MELBOURNE, Fla. - Northrop Grumman has already broken ground on what will be a 200,000-square-foot building adjacent to its Melbourne campus.
"To see this become a center of excellence, we know that we've got these jobs (for) a very, very long time," state Rep. Ritch Workman said.
Florida and Northrop Grumman have provided pivotal technology to the aerospace industry.
The Space Coast lost an estimated 15,000 to 20,000 direct and indirect jobs as a result of the end of the shuttle program.
It finally appears that those losses have subsided.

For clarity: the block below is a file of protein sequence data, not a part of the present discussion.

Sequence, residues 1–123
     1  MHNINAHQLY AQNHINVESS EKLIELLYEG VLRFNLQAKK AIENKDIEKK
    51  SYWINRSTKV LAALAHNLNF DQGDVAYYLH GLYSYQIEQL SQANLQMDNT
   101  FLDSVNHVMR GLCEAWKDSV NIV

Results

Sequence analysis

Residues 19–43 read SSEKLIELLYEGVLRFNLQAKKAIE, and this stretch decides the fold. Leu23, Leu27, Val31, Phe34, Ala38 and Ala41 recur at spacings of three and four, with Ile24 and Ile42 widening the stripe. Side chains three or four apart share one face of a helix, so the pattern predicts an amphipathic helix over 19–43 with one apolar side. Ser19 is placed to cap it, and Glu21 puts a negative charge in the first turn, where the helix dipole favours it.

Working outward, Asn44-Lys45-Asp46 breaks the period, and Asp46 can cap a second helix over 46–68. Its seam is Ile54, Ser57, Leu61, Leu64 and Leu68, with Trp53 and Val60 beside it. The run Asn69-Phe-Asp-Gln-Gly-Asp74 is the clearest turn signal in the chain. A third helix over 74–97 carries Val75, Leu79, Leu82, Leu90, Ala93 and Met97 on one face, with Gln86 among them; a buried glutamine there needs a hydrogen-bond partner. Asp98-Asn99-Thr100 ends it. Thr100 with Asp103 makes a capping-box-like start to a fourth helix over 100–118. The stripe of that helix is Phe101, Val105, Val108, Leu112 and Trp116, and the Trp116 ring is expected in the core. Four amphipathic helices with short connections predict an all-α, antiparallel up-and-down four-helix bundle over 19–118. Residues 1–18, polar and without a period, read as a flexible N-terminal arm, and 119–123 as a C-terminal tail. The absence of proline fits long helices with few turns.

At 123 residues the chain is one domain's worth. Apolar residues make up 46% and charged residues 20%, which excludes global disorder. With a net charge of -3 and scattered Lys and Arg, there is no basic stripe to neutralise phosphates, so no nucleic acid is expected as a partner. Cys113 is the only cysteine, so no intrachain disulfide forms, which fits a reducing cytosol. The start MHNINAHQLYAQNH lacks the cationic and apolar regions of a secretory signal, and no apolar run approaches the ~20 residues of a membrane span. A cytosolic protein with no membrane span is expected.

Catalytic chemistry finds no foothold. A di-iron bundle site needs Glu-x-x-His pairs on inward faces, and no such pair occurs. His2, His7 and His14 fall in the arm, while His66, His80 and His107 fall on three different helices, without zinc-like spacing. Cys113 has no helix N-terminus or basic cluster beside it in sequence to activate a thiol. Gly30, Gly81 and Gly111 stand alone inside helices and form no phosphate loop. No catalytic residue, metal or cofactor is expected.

"We're going through a transitions time and Grumman has played a key role in the aerospace industry and what we have is a very talented workforce here, and it's fantastic that these (types) of technologies are moving in to fill that gap," Sen. Thad Altman said.
It's a gap many anticipate will be filled by commercial space flight.
"This is really an example of how we're bounding back and our state and our country will lead the world in human space flight," Altman said.